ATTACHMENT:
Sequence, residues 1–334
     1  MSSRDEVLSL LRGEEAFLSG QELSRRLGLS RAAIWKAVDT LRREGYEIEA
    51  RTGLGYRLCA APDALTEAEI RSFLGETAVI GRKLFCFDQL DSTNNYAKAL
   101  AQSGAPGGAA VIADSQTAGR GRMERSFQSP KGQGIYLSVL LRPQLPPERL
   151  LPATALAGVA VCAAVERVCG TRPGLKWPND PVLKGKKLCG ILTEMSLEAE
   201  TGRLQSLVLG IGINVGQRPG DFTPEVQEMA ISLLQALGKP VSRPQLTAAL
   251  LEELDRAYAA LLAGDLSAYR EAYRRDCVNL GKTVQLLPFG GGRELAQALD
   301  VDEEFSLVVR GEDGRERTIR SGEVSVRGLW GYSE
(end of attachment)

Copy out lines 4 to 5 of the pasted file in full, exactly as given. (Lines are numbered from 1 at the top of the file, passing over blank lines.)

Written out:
   101  AQSGAPGGAA VIADSQTAGR GRMERSFQSP KGQGIYLSVL LRPQLPPERL
   151  LPATALAGVA VCAAVERVCG TRPGLKWPND PVLKGKKLCG ILTEMSLEAE